Eagles

A look at why Eagles had to bench Andre Dillard on Sunday

A look at why Eagles had to bench Andre Dillard on Sunday

Last week, Andre Dillard compared switching from the left side of the line to the right to writing an essay with your non-dominant hand. 

After actually playing right tackle on Sunday, Dillard was asked if he still thought that was an apt comparison. 

“It’s probably harder than that, honestly,” he said. 

It certainly looked like it. Dillard lasted just one half against the Seahawks in the Eagles’ 17-9 loss and spent a lot of that time in Carson Wentz’s lap. 

On one hand, I can’t blame the Eagles for trying Dillard at right tackle. When Lane Johnson went down the previous week, Halapoulivaati Vaitai really struggled, so they tried to change it up and go with the more talented player. But I wonder if there were signs during practice the week leading up to the game that this would happen. It probably didn’t help that Brandon Brooks lasted just a handful of plays next to Dillard. 

"I learned that it’s difficult to play other spots on there," Dillard said. "It’s hard to kind of understand how that is if you’ve never played offensive line. I learned a lot. This whole year has been a great learning experience for me. I’m grateful to be in a spot where I can get out there and play and get my feet wet." 

I asked Dillard on Tuesday if, after watching the tape, he understood why he was benched. 

“Sure,“ he said. “Whatever is best for the team, gonna do that. I’m not going to trip over that.” 

When asked about a tweet from former left tackle and 97.5 The Fanatic host Tra Thomas that said Dillard was tipping run or pass, Dillard said he’ll probably talk to Thomas about it. 

Even aside from that, I definitely saw pretty easily why the Eagles made the switch at halftime. Here are a few plays that stood out:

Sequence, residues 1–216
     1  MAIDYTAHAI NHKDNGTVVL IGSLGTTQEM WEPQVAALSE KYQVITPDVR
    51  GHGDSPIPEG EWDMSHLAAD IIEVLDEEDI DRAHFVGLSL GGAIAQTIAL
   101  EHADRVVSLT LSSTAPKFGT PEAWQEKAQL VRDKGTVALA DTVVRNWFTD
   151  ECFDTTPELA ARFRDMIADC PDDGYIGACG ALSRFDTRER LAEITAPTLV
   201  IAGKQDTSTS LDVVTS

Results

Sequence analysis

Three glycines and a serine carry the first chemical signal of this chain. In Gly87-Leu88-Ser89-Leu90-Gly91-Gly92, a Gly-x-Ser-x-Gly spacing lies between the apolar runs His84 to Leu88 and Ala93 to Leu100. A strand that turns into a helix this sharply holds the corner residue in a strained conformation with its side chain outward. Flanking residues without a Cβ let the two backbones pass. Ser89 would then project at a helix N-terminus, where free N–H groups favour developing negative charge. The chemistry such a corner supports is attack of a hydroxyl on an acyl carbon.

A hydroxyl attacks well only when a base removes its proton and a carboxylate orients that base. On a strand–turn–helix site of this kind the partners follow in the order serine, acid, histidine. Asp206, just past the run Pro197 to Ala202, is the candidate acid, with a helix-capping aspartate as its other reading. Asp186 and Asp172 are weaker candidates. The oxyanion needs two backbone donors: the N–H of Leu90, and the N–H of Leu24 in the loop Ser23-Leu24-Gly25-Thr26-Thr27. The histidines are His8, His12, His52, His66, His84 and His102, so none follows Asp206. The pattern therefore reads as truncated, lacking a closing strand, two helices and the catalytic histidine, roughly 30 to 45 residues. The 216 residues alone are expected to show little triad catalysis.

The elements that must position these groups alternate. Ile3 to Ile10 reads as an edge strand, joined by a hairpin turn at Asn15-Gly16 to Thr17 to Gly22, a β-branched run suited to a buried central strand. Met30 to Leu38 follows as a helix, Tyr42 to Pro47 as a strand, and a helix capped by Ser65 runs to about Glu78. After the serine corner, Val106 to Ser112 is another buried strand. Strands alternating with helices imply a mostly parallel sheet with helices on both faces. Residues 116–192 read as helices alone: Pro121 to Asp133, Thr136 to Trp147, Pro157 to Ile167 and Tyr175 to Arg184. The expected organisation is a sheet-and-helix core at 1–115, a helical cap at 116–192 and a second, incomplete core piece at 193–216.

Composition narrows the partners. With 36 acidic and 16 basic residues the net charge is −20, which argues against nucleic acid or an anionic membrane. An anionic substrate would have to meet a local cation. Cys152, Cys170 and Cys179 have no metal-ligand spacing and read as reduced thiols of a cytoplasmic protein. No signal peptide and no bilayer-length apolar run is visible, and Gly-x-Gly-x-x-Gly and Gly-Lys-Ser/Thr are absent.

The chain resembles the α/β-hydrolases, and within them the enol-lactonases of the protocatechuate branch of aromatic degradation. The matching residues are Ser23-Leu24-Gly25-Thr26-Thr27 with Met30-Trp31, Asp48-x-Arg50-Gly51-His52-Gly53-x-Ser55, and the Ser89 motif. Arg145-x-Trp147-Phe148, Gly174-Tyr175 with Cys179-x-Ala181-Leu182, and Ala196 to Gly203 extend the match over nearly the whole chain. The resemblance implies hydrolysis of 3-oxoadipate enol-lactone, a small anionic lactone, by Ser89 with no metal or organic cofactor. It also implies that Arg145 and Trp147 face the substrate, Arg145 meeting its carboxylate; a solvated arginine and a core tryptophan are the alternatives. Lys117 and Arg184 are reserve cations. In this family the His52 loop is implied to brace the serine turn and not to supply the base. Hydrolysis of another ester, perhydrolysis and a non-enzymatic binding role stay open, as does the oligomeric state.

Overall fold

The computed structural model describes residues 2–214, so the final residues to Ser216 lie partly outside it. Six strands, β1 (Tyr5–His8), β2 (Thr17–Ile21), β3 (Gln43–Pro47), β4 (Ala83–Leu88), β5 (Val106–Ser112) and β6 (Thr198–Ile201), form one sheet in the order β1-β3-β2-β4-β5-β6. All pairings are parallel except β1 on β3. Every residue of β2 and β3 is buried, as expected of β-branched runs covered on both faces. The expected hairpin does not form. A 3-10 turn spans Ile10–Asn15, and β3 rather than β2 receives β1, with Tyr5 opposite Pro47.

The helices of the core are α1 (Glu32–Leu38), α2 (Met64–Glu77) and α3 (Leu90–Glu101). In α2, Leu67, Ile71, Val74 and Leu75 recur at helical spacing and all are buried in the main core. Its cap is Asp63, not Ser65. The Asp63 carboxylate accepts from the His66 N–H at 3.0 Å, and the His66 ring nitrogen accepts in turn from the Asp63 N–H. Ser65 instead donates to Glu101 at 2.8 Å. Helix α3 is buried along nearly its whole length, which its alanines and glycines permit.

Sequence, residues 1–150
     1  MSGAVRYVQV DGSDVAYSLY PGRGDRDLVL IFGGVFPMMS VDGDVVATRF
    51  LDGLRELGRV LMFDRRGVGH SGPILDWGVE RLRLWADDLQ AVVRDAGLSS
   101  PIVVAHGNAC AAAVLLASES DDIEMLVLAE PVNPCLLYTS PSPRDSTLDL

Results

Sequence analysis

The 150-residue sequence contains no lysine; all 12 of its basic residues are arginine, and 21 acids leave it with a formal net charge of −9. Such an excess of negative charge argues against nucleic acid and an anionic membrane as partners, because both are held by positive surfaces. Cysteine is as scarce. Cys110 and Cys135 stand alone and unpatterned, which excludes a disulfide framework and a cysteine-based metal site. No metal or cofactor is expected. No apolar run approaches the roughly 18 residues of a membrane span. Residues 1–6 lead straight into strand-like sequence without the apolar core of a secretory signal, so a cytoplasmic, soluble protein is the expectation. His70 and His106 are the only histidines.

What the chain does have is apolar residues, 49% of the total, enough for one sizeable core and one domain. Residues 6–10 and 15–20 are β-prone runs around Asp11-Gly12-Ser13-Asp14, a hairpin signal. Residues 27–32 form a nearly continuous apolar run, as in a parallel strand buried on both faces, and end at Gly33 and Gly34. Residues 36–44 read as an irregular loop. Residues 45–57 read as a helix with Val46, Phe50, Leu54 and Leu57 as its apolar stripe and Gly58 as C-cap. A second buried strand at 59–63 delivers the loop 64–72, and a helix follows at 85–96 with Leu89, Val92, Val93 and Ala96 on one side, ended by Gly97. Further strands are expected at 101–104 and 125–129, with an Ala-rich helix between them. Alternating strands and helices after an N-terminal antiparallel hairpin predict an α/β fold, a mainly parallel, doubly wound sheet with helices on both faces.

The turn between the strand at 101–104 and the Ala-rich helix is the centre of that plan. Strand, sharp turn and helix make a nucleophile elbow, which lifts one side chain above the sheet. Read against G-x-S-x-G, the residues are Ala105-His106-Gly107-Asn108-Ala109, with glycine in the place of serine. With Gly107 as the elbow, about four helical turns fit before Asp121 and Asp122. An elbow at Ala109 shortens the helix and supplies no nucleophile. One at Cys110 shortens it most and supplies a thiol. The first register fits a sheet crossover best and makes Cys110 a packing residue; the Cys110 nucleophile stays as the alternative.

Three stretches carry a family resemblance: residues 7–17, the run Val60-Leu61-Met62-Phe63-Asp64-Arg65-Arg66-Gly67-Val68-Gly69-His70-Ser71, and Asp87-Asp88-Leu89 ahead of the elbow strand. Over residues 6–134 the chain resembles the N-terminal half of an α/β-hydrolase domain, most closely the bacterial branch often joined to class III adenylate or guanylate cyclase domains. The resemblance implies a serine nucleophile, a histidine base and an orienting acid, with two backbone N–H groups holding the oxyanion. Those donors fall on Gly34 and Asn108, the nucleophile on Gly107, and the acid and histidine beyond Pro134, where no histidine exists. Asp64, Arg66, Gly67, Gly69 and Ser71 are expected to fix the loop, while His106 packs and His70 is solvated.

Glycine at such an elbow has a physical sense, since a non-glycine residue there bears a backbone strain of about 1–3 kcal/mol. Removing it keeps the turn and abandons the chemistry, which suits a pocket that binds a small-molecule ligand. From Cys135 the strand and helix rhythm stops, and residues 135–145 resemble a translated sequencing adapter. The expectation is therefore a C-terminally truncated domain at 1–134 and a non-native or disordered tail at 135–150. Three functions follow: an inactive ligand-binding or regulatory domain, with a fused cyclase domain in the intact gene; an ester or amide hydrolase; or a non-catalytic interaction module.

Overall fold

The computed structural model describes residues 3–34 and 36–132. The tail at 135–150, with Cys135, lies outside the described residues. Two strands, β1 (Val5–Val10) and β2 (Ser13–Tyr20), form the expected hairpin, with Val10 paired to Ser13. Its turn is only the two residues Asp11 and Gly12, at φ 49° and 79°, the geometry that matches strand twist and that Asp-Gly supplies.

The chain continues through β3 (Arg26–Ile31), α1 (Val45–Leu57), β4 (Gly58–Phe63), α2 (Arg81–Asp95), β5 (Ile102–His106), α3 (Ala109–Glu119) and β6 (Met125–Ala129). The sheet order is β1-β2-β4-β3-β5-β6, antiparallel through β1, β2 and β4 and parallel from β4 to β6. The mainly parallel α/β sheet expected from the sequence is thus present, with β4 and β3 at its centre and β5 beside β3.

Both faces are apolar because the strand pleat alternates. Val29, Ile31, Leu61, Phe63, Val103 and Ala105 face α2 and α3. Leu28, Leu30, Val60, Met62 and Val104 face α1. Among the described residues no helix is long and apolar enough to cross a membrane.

This was the second-to-last play of the half and if there was any question in Doug Pederson’s mind about making a halftime switch, this likely locked it up. Rasheem Green just put Dillard on roller skates. 

Dillard was in Wentz’s lap far too often on Sunday. His overall strength is something I questioned earlier in the year in his first real game action. It showed up even more on the other side, where he had to think about his footwork and technique. 

Green gave Dillard fits for the entire first half. There were these plays too: 

Wentz delivered a strike for a complete pass on this throw but he did it while making contact with his right tackle. 

At least this time, Dillard recovered a little bit. There was some other pressure, obviously, on this play too. 

Dillard was really lucky this play didn’t count because of a defensive hold in the secondary. Because he was absolutely worked by Ziggy Ansah. It looks like an end-tackle stunt that is supposed to spring the defensive tackle, but the Seahawks didn’t even need it. Ansah just goes right through Dillard. 

Most of what beat Dillard on Sunday was power, but he was beaten by speed on the opening drive. Shaquem Griffin just blows by him here and Dillard barely touches him. 

I did want to point out this play because it looked awful live, but it wasn’t what it appeared. While Dillard’s man gets the sack/forced fumble, Dillard gets tripped by JJ Arcega-Whiteside in motion. This is just horrible football. 

Even though it was a rough performance, it wasn’t all bad for Dillard on Sunday and I still think he’s the left tackle of the future. He was actually OK in the run game, but spent a lot of the first half in Wentz’s lap. It wasn’t hard to figure out why he got benched against the Seahawks. 

“It’s a new day,” Dillard said on Tuesday. “It’s easy to move on from it, learn from it and keep going.” 

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Former Eagle Connor Barwin hired as special assistant to the general manager

Former Eagle Connor Barwin hired as special assistant to the general manager

Connor Barwin spent a lot of time at the Eagles’ complex the last couple months of the season, and now we know exactly why.

The Eagles on Friday afternoon announced that Barwin, who spent four years playing for the Eagles, has joined the team's front office in the role of special assistant to the general manager.

I'm done playing football, but my football career is not over," Barwin said in an interview on the team’s web site. "I want to stay involved. I want to help this team wherever I can and also learn the other side of the game from the coaches and the personnel side. There's still a lot that I can learn about the on-field part of the game, as well. I love being around the game. I still want to win a Super Bowl, multiple Super Bowls.

According to the Eagles’ web site, Barwin will work with the player personnel staff during the offseason and work on player development during the season, with an emphasis on mentoring players making the challenging transition from college to the NFL.